One week sprints again are hard to achieve when considering this aspect. They simply don’t allow for any contingency when either party fails to deliver in time to the other.

Two week sprints provide a good balance between flexibility to deal with glitches and keeping up the pressure on the other party to deliver.

Longer sprints bear the danger that problems are exposed too late to the other party. While a Scrum team has the daily stand-up as a tool to monitor progress and status within a sprint, external parties can track progress only based on what they deliver to each other.

Another reason that can be brought up against short sprint length is the high effort for integration at the end of each sprint. In this case, however, four week sprints will also cause troubles that need to be dealt with. A common approach to overcome such problems is to invest in sprint automation – you need to do this anyway, even with four week sprints.

Having enough time to finish a story

Worrying about having enough time to finish a story usually smells of something else going wrong in the project. The most common reasons I have come across for why a team complains about not being able to deliver business value within a sprint are:

  • Inability to identify the individual user intentions contained within a story, which would allow the team to split up the story into smaller deliverables.
  • Implementation tasks are distributed by layer instead of by user story, causing overhead and reducing focus on finishing a single story.
  • Big Design Up Front approach leading to implementation of functionality not required for a particular story.
  • Team members are not fully committed to the project, causing problems in communication and less efficiency because of multi-tasking between projects.

Reducing the sprint length helps teams identify and resolve these problems. Two week sprints are more than long enough for complex stories that are hard to split up further. Even one week sprints should allow enough time to deliver business value to the product owner in most cases.

Planning efforts

Shorter sprints mean running more sprints to deliver the same scope. A typical assumption derived from this is that shorter sprints mean more planning overhead.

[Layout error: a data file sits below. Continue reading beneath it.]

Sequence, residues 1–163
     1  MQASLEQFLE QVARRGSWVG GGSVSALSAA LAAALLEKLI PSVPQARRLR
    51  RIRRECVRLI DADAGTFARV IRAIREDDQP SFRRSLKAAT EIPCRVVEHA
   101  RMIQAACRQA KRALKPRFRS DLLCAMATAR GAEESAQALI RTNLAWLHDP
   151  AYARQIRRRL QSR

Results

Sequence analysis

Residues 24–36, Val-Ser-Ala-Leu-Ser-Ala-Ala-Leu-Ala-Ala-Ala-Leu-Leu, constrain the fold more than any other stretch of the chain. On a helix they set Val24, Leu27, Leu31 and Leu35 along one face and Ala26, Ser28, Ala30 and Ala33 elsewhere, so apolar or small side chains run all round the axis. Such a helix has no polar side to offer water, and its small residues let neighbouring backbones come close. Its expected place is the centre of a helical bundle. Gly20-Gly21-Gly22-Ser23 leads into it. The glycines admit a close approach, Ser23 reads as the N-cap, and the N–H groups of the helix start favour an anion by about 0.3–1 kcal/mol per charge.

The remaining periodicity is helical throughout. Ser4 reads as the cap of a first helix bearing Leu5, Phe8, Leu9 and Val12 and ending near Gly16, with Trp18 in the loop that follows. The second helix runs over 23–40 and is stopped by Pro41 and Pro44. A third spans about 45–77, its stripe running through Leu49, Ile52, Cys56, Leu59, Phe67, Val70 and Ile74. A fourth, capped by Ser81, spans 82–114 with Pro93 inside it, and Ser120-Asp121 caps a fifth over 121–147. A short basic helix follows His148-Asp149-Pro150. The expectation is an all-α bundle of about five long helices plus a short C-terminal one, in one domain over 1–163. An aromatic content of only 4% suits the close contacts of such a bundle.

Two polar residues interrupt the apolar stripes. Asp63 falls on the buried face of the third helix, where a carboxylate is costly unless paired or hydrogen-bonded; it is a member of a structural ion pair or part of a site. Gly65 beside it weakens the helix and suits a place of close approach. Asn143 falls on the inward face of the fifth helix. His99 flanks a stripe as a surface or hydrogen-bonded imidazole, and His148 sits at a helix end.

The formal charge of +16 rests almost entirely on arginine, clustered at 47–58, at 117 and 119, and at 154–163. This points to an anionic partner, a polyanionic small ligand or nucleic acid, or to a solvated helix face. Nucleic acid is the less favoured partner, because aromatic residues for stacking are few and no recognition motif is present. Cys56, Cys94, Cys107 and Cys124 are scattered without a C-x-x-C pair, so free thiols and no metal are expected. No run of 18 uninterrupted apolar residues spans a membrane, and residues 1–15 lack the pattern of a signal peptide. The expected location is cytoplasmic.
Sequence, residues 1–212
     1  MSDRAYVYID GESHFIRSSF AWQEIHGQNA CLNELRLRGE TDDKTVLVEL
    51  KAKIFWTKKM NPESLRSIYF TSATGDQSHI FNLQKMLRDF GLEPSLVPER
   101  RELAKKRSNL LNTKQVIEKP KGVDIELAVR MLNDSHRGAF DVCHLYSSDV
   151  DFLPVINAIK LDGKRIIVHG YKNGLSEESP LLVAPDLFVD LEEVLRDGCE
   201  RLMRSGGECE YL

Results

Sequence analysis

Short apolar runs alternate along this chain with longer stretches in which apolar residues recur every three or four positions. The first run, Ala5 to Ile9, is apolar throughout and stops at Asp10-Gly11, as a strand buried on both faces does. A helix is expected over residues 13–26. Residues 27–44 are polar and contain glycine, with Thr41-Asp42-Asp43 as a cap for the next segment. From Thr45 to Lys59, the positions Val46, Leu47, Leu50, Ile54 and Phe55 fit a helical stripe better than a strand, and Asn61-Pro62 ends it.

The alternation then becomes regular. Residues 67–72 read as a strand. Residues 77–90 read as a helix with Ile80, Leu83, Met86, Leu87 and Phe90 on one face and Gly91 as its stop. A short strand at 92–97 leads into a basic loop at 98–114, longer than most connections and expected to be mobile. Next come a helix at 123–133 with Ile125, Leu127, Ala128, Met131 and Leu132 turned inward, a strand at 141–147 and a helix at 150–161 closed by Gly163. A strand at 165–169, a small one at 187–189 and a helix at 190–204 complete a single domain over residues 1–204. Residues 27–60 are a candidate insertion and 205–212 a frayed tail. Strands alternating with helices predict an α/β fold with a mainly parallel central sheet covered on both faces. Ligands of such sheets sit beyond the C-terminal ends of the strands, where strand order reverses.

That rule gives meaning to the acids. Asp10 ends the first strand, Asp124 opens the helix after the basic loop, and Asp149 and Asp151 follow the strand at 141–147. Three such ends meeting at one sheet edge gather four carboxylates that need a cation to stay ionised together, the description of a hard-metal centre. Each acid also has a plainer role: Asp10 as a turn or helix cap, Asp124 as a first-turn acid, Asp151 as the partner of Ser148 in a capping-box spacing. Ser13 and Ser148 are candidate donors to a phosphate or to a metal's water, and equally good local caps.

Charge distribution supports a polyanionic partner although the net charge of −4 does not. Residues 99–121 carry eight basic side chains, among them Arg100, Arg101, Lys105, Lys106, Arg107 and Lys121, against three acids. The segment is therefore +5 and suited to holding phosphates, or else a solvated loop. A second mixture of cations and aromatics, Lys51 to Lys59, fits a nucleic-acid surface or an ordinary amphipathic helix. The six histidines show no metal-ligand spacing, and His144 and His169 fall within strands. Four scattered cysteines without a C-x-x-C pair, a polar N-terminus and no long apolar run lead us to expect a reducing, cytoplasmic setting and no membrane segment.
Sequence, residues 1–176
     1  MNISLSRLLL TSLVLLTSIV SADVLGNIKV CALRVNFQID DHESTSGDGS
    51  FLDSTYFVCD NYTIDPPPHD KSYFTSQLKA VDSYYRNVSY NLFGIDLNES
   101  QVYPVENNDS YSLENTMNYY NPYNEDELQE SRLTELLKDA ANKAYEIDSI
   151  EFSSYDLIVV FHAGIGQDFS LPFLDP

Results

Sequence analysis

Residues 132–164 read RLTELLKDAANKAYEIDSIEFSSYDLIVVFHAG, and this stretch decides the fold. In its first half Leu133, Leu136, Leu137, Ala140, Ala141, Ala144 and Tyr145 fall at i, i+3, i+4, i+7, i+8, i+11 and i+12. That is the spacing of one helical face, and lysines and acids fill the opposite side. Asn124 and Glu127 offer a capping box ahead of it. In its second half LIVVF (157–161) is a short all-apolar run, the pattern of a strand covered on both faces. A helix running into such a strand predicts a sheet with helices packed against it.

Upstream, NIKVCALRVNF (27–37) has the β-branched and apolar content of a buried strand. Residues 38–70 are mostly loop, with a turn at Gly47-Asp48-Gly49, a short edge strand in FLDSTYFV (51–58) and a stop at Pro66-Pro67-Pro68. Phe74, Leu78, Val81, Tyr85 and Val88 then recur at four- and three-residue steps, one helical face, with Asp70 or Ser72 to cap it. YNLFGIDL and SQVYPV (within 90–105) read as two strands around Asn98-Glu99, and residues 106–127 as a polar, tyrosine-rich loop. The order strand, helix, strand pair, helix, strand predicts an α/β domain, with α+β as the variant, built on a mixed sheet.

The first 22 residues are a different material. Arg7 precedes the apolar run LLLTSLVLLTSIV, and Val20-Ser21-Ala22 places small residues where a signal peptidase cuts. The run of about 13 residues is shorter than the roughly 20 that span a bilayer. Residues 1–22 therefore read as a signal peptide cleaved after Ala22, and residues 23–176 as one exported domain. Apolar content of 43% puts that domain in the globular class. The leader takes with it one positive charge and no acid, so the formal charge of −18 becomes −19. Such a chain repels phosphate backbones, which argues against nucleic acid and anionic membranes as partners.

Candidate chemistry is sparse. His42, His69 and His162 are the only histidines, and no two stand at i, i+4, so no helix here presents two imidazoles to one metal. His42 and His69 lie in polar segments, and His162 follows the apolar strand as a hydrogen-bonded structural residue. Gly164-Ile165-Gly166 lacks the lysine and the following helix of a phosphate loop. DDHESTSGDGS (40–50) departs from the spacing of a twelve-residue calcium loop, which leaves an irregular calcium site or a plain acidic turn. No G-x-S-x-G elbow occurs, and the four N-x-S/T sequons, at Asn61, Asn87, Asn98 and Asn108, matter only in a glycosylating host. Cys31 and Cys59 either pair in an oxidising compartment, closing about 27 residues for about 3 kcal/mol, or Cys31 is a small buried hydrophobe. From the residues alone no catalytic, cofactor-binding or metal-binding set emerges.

Besides the daily stand-up, which is a constant engagement independent of the sprint length, the following meetings are held for each sprint according to Scrum:

  • Sprint planning
  • Sprint review
  • Sprint retrospective

I have found that the time required for the sprint planning in four week sprints is almost twice as much as in two week sprints. I don’t have comparable numbers for review and retrospective, but I assume that the amount of time required to demo is also nearly in linear relation to the length and scope of a sprint. The retrospective might be an additional overhead for each sprint. But on the other hand, learning about problems and possible improvements earlier can also be a benefit for the project.

While the overhead of the additional meetings might not be fully negligible in one week sprints, two week sprints do not introduce significantly higher planning efforts compared to longer sprints.

Amount of transient knowledge to be maintained

One goal of time boxing a sprint to 1-4 weeks is to limit the amount of transient detail knowledge the team is required to hold about a system.

Agile methodologies like Scrum acknowledge the fact that, at a certain level of detail, system requirements cannot be explicitly documented anymore. Other methodologies that try to ignore this fundamental law in software development impose huge inefficiencies on the development process: product owners try to specify details they have no clue about in advance, and developers desperately try to extract the business value and user intentions from loads of detailed specifications with no value, as they are not applicable anymore by the time they are needed.

However, the details required to implement a system still need to be agreed on between the product owner and the team. The sprint is the time box into which a feasible amount of detail knowledge should be fit. Each story is a reminder of a discussion that takes place before implementation, where the developer can ask the questions required to know what exactly to do. Of course the developer will take notes, either on the back of the story card, or in any other informal way that is suitable. In no case is a formal document created to capture the collected details. Instead, transient knowledge is built within the team and the product owner, starting with the sprint planning and further derived in discussions during the sprint.

The knowledge can be transient as it is not required beyond the scope of a sprint, and almost immediately transformed into (potentially automated) acceptance test scripts, unit tests and implementation.

The shorter the sprint length, the less transient knowledge has to be maintained. Shorter sprints also reduce the risk of defining outdated detail information, and a shorter period to look ahead makes it easier for the product owner to understand the impact of details defined for the system.

Having said this, one week sprints should be preferred when considering only this aspect. Two week sprints, however, still produce a well manageable amount of transient knowledge, and provide a good compromise with the other aspects considered so far.